Ailsa Bernard has been pregnant at least 11 times. Seven pregnancies have ended in miscarriages, three have been ectopic and just one - so far - has resulted in a much-loved daughter, Jessica, now almost five.
Every loss has cut her to the quick, each one a potential life lost. But the difference between miscarriages and ectopic pregnancies is that ectopics are dangerous, difficult to diagnose and potentially disastrous.
According to the Ectopic Pregnancy Trust, there has been a dramatic increase in ectopic pregnancies in recent years. An estimated one in 80 pregnancies is now ectopic; 20,000 women are admitted to hospital every year for emergency, life-saving surgery after a pregnancy develops in a fallopian tube, rather than the womb, then ruptures it and causes massive internal haemorrhaging. Between five and eight women die every year either because they are unaware they are pregnant, have been misdiagnosed or have not made it to hospital in time.
Ailsa, a 35-year-old housing association worker, had her first ectopic pregnancy in 1988. She found herself doubled up in extreme pain while she was driving to work. She had to fight quite hard to get an appointment with her GP, who finally referred her to hospital where she was admitted instantly and told she needed surgery.
Unaware of the serious implications of an ectopic pregnancy, Ailsa told doctors she didn't want to be operated on. The hospital told her she had no choice - without surgery she would die. "I had not really grasped the enormity of it," she says.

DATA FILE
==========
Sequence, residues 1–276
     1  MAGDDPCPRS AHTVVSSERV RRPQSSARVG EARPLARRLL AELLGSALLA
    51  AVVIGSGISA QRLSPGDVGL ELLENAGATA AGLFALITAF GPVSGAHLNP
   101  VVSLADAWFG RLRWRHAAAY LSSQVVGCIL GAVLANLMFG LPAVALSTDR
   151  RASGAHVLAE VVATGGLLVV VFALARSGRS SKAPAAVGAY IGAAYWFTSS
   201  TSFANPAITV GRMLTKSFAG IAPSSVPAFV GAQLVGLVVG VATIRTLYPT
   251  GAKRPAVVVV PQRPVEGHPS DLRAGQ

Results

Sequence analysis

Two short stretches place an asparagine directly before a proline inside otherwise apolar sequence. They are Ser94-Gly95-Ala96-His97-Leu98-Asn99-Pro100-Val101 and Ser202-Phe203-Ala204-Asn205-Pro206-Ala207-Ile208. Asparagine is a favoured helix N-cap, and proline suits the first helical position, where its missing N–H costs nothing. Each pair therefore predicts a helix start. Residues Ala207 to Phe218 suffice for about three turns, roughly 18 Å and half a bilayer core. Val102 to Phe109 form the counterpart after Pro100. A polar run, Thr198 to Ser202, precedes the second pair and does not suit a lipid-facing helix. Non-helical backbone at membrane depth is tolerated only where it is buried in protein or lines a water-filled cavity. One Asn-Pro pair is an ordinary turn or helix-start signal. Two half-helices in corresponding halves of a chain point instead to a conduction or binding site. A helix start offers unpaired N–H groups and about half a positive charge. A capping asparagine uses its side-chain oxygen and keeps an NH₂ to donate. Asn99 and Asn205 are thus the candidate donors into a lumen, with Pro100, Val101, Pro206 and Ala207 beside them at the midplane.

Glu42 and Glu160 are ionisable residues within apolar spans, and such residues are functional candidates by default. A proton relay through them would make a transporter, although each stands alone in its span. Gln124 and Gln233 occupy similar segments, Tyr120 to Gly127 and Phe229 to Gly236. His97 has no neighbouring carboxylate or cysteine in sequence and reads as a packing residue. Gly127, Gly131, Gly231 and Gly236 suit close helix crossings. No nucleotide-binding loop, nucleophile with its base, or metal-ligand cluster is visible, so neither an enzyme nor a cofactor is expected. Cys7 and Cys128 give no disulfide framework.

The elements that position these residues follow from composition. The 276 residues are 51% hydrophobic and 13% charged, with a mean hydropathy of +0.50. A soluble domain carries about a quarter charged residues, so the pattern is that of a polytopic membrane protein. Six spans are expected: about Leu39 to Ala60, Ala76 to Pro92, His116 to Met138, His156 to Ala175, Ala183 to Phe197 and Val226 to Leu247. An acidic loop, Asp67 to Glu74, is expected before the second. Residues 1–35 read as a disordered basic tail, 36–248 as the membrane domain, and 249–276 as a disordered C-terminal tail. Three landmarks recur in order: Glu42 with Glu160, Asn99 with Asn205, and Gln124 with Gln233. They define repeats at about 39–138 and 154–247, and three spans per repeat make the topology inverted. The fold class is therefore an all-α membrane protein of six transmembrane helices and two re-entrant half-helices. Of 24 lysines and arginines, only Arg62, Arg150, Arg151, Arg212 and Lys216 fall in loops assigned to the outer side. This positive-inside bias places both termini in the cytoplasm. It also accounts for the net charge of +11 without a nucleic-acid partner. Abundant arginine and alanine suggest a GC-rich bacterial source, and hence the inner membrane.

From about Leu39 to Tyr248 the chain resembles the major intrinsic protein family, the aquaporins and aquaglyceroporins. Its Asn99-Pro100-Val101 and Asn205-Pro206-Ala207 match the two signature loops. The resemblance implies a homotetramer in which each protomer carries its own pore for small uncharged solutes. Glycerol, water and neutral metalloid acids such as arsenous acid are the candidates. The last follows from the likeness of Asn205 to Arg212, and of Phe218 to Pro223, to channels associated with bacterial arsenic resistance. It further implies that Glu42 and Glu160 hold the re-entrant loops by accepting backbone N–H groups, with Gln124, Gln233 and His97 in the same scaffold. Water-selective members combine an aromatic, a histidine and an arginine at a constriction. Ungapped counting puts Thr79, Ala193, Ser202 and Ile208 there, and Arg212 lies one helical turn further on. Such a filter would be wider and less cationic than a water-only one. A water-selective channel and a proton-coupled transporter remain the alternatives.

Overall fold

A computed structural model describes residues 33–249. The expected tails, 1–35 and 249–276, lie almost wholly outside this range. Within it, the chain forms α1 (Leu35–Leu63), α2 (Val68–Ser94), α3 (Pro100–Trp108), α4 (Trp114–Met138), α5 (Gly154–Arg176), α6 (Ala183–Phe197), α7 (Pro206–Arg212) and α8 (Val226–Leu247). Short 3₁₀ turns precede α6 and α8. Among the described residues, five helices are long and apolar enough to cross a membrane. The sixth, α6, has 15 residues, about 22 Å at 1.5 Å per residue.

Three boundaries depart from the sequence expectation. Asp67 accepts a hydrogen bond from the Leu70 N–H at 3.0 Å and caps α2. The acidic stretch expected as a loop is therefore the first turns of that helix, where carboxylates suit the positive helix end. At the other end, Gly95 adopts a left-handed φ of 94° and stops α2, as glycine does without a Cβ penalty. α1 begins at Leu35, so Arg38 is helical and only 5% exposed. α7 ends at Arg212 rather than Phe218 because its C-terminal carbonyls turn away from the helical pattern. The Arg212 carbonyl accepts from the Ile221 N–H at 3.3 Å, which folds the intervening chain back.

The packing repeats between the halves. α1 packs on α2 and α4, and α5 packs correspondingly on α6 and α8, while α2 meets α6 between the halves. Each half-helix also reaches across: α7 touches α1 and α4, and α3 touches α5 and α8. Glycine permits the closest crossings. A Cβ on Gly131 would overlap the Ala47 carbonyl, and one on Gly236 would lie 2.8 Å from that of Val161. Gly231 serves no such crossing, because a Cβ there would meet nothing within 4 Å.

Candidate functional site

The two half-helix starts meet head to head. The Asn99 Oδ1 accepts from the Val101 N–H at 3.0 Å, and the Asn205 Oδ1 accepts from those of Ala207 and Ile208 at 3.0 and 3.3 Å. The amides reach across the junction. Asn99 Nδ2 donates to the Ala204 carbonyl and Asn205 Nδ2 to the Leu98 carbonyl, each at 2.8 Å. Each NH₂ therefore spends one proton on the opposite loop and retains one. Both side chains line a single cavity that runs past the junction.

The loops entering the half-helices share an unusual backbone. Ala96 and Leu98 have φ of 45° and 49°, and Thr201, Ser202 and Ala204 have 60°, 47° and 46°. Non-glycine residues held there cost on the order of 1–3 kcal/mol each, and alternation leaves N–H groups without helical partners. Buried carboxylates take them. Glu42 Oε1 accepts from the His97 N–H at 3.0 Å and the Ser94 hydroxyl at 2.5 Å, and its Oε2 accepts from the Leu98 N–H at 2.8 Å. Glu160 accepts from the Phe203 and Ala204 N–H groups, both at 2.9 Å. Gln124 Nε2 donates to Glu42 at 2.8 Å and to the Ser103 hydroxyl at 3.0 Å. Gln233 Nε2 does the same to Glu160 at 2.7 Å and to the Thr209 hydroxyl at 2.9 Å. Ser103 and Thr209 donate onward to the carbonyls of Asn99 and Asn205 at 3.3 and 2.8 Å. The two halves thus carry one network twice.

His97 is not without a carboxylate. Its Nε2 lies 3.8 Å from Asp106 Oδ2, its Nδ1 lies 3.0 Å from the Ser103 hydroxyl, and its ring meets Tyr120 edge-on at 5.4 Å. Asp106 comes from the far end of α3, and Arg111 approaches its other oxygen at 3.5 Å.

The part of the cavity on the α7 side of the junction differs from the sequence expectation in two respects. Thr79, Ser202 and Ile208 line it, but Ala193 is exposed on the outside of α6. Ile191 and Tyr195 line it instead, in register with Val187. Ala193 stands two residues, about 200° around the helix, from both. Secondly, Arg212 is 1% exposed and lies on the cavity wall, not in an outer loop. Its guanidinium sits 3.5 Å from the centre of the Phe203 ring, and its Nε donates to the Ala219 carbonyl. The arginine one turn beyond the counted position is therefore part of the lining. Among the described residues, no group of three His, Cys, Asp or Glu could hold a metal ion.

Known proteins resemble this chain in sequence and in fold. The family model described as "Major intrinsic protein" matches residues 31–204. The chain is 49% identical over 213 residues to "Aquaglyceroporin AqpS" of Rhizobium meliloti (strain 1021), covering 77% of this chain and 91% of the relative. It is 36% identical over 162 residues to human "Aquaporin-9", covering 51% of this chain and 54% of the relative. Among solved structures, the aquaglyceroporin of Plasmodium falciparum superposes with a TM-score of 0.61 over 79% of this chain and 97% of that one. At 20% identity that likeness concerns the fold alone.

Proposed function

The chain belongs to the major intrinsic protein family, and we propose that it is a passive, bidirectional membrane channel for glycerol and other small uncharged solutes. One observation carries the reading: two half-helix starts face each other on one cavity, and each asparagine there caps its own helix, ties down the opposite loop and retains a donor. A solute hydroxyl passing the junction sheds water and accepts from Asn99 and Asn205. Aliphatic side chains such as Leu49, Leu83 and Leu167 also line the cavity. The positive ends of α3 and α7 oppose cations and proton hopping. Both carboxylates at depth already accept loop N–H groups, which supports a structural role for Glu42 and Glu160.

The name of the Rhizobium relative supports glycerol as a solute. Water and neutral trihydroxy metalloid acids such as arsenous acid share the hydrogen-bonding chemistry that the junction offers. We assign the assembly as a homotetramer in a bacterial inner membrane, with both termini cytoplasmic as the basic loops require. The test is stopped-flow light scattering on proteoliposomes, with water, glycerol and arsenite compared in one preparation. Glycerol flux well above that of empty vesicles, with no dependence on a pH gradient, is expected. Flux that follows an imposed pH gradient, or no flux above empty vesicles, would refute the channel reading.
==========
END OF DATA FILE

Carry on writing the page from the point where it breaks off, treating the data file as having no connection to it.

Surgeons removed part of her right fallopian tube in what was a major operation. (Surgery for ectopic pregnancy often results in the loss of a fallopian tube, thus reducing fertility.) Everyone was concerned about her physical well-being, but little attention was paid to her emotional state. She left hospital with a urine infection and a terrible sense of desolation, having undergone major surgery and lost a baby.
After the operation she recalls being told "it might be a good idea" if she was checked for chlamydia, though not much more was explained. Chlamydia is a sexually transmitted infection which is dramatically on the increase; if untreated it can cause infertility and it is thought to be responsible for at least half of all ectopic pregnancies. Ailsa was given the details of the local genitourinary medicine (GUM) clinic, but she did not go. "I was only 23 at the time and I would have felt embarrassed and worried what other people's perceptions of me might be."
There were more miscarriages, then in 1992 she had just done a positive pregnancy test when she began to suffer stitch-like abdominal pains. "The pain became worse, but even more than the pain and the bleeding was this very, very strong instinct that something was not right."
She went to casualty where hospital staff thought it unlikely she had ectopic pregnancy, but agreed to carry out a laparoscopy because of her history. Ailsa was right. Her second ectopic pregnancy was lodged right at the opening of her right hand tube; surgeons removed it and again she was advised about the possible link between chlamydia and ectopic pregnancy, and to go to the GUM clinic. This time she went and she was indeed found to have chlamydia.